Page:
French woman dies of illness in camp for jihadist women in Syria

Tuesday morning December 14, Maya (first name has been changed) woke up having “Extremely bad”. Sick of diabetes and insulin-dependent, she asked the Kurdish guards of the Roj camp, in which she has been detained since the fall of the caliphate of the Islamic State organization, in February 2019, to be transported to the nearest hospital for there. undergo dialysis.

According to her lawyer, Marie Dosé, upon her arrival at the hospital in the city of Derik, two hours later, Maya lost the use of one leg, then her sight. She died soon after. Her body was repatriated to the camp to be buried there during the day, in the presence of her 6-year-old daughter, Sarah (the first name has been changed), who was entrusted to other French detainees. The father had been killed in the fighting.

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This death is the first of this type concerning a French woman in the Roj camp, reserved for European prisoners. The case of Maya, 28, who left for Syria in 2014, was however well known to the French authorities, regularly informed by Mr.e Dose of the state of health of the young woman. “She has been asking to be repatriated for a long time and we let her die knowingly”, accuses the lawyer.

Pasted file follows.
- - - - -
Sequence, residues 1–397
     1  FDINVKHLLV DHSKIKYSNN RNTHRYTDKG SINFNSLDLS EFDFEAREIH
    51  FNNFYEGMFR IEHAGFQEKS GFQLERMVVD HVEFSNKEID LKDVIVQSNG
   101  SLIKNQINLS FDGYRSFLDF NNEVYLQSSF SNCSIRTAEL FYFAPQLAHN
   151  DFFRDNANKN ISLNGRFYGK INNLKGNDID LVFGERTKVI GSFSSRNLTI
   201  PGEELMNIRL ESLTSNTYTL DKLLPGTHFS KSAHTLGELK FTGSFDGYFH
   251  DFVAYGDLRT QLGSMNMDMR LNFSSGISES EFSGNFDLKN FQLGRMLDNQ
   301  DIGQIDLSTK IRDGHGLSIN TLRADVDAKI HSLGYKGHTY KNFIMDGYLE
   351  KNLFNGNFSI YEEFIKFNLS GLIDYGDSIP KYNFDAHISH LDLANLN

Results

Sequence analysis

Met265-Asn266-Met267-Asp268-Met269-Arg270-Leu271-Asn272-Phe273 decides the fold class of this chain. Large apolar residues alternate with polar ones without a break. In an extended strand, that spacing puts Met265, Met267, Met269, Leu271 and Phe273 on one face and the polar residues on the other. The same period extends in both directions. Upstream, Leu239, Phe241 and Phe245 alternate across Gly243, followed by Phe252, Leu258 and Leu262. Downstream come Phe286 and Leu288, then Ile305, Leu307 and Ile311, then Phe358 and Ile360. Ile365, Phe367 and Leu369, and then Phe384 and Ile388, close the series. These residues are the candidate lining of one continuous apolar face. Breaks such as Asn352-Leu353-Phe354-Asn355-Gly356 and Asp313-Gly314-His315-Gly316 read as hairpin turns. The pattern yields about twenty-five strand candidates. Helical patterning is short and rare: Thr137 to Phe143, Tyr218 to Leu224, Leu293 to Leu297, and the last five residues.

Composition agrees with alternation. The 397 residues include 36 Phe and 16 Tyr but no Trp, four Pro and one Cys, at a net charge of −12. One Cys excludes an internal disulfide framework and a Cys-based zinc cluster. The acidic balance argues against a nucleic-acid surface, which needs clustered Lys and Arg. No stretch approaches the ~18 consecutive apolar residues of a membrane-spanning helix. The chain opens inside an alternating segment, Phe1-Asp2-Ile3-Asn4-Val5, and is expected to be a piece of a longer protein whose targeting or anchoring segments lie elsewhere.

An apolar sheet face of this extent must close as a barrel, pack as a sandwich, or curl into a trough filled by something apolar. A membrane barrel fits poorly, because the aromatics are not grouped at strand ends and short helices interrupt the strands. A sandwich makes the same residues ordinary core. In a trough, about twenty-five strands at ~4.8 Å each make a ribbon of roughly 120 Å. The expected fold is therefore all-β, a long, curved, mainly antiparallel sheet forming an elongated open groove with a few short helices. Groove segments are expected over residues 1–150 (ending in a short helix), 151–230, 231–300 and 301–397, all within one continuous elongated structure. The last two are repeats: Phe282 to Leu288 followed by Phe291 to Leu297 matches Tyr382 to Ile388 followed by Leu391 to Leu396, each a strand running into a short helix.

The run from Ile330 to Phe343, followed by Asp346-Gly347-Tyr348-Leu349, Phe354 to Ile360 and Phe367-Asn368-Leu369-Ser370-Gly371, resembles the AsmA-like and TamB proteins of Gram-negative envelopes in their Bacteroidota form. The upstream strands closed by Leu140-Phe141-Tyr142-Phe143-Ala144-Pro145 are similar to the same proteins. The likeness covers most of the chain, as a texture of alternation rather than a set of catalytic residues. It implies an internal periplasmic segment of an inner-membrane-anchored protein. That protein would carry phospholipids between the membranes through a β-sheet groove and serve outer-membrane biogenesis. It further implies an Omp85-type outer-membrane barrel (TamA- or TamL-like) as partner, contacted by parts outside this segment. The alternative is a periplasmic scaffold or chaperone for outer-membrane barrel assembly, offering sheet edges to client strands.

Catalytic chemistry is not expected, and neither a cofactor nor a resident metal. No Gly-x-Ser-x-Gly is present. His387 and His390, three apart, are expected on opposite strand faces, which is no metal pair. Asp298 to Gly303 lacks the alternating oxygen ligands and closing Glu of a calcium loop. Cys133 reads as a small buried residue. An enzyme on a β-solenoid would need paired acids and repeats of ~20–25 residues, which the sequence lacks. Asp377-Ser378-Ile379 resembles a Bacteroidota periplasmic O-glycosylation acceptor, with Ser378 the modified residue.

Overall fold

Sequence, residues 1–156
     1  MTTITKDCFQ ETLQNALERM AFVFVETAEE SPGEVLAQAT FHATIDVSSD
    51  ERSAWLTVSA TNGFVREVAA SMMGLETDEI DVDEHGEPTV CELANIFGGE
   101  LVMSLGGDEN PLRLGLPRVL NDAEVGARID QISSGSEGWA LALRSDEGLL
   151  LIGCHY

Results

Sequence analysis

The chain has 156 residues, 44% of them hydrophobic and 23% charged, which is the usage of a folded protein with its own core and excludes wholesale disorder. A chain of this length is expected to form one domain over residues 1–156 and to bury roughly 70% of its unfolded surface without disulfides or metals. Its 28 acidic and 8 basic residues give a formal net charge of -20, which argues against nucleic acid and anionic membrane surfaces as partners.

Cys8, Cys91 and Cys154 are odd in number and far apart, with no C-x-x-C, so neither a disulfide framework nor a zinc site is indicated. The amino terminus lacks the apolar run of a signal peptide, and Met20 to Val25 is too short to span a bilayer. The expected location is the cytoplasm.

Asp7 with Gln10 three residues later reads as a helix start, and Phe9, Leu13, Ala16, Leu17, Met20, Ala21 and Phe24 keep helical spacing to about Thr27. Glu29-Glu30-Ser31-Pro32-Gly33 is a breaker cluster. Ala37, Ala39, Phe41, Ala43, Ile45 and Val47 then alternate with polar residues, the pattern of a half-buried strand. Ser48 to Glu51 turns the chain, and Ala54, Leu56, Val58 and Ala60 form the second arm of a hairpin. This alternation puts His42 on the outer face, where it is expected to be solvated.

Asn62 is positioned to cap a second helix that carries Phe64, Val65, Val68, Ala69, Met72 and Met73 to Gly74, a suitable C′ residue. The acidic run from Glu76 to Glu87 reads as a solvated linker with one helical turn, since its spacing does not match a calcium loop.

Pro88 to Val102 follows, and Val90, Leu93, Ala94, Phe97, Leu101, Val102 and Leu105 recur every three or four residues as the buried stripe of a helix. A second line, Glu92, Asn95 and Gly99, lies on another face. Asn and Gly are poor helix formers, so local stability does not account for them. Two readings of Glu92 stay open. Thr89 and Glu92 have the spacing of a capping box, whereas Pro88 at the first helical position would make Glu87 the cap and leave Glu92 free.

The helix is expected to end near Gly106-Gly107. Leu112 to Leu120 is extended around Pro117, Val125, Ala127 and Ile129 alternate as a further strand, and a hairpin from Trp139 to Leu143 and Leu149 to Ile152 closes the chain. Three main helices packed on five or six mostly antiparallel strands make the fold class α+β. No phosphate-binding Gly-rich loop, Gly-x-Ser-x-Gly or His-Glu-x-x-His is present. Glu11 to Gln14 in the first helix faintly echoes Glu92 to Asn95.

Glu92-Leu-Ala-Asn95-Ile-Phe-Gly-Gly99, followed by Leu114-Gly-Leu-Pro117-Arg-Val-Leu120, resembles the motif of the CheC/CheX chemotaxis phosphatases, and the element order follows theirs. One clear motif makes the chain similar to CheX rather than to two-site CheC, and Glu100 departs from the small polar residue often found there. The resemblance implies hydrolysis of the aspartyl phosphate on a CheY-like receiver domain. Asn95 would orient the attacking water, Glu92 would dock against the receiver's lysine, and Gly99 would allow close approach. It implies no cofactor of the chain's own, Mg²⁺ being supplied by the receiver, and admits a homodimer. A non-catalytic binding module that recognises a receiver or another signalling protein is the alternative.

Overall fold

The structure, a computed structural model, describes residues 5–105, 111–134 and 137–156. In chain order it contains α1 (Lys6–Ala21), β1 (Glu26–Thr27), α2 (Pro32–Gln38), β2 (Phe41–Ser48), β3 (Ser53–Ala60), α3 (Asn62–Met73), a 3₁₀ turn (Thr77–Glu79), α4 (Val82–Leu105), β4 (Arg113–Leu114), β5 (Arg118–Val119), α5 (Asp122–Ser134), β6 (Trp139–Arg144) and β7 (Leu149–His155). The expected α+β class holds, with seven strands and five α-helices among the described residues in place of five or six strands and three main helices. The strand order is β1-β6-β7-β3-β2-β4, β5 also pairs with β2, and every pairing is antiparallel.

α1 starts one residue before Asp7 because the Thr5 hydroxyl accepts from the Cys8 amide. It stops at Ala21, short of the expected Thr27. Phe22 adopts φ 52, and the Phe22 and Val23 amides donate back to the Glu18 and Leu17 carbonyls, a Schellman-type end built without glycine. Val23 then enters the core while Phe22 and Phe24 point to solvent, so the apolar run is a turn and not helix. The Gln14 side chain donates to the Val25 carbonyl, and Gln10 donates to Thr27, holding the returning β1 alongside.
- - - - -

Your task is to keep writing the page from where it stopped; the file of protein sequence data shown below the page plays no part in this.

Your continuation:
The latter read, Wednesday, during a press conference in Paris, several of the dozen alarming letters that she sent to the Ministry of Foreign Affairs and to the Elysee Palace over the past two years. All remained unanswered. However, French diplomats, accompanied by members of special forces, went to the camp in January to repatriate seven children presented as orphans. “They passed a few meters from Maya’s tent and let her die there”, s’indigne Me Dose.

Another missed opportunity: in February, the women detainees realized that a list of the sickest women was being drawn up with a view to possible repatriation. Marie Dosé drew the attention of Paris, once again, to “Absolute urgency” to repatriate Maya. In vain.

“France made an orphan”

French policy, concerning the some 80 jihadist women and 200 French children detained in Syria, is that of “case by case”: it consists in repatriating children in small quantities (35 so far), on the assumption that ‘they are orphans, but absolutely refuse any repatriation of adult women.

The United Families Collective, which represents the parents and relatives of these women, campaigns for the repatriation of everyone, women and children. Two of its members were present alongside Mr.e Dosed, Wednesday, to corroborate his testimony. “France made an orphan, lamented the lawyer. I don’t know if she will repatriate her now that her mother is dead. “

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French woman dies of illness in camp for jihadist women in Syria

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